[IEEE Xplore] Readings on Smart Cities -- [Editorial] Vol. 1, Issue 10, November 2015
By Rosaldo J. F. Rossetti
Energy efficiency is a priority goal in the exciting Smart Cities’ agenda! If on the one hand most electricity systems in highly populated urban areas face the problem of increasing demand over ageing infrastructures, on the other hand the integration of different renewable energy sources and the advent of electric vehicles bring about challenging issues. Smart cities demand for lower carbon emissions, improved security of supply, as well as flexible, adaptive and resilient infrastructures of electricity networks. Additionally, consumers can also play the producer role, which makes the energy market even more dynamic and competitive. In such an emerging scenario, smart grids make use of ICT and other advanced technologies to manage the transport of electricity more efficiently, meeting highly elastic electricity demands of end-users while minimising costs and environmental impacts of the system operation. This issue of our Readings on Smart Cities starts a discussion on the role of Smart Grids in enabling and fostering the smartification process of urban settings, exploring the concept and ways in which it can be effectively implemented.
In the work by Menniti and colleagues , authors agree that smart grids are emerging as a complex system that enables fine-grained monitoring and control of energy consumers and producers within the electricity network. With such a perspective in mind, they propose a new market platform in order to coordinate the energy exchanges among several micro smart grids aggregated in a virtual energy district. Their approach is illustrated in a simulated environment and some preliminary results are discussed. In a more applied point of view, Huerta-Medina and Corominas  report on the implementation of an energy simulator for the installation of a lighting smart grid. Their simulator allows for the assessment of different performance metrics of the system, such as monetary savings, consumption and CO2 emissions. Authors emphasise on the platform flexibility, which is able to simulate different set-ups such as wind and solar energy plants, as well as a city lighting grid. Finally, Zhong with associates  address machine-to-machine (M2M) communication issues in the context of smart grids. Authors identify important capabilities that need to be developed in M2M systems so as to fully realize and enable new smart services. The paper also provides an overview of M2M and its applications to smart grids, particularly discussing on technical areas where data mining and machine learning can play an important role in the realisation of future power grids.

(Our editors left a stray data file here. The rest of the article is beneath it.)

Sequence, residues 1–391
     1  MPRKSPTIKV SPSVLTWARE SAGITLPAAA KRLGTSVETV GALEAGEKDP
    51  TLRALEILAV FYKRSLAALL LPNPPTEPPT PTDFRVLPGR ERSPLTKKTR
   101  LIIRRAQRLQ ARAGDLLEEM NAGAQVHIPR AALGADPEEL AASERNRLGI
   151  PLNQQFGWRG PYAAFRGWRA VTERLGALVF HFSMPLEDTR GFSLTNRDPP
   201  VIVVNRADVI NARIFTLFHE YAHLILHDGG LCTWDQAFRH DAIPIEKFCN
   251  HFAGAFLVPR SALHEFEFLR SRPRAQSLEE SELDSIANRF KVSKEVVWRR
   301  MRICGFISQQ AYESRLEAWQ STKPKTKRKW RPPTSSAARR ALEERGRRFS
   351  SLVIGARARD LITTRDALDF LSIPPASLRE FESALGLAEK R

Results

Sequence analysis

Smart grids play an imperative role in the smartification process of urban areas towards energy efficiency and sustainability. They provide smart cities with an appropriate orchestration of the needs and capabilities of all entities in the electricity market, namely end-users, generators, grid operators, and stakeholders, maximising system reliability, resilience and stability. The effective realisation of smart grids however still poses enormous challenges requiring the engagement of all interested parties to develop tailored technical, financial and regulatory solutions, which will enable their full potential.
IEEE Xplore References
- D. Menniti, N. Sorrentino, A. Pinnarelli, A. Burgio, G. Brusco and G. Belli, "In the future Smart Cities: Coordination of micro Smart Grids in a Virtual Energy District," Power Electronics, Electrical Drives, Automation and Motion (SPEEDAM), 2014 International Symposium on, Ischia, 2014, pp. 676-682.
- N. Huerta-Medina and E. L. Corominas, "A set of software tools for management and simulation of a Lighting Smart Grid," New Concepts in Smart Cities: Fostering Public and Private Alliances (SmartMILE), 2013 International Conference on, Gijon, 2013, pp. 1-6.
- Z. Fan, Q. Chen, G. Kalogridis, S. Tan and D. Kaleshi, "The power of data: Data analytics for M2M and smart grid," 2012 3rd IEEE PES Innovative Smart Grid Technologies Europe (ISGT Europe), Berlin, 2012, pp. 1-8.
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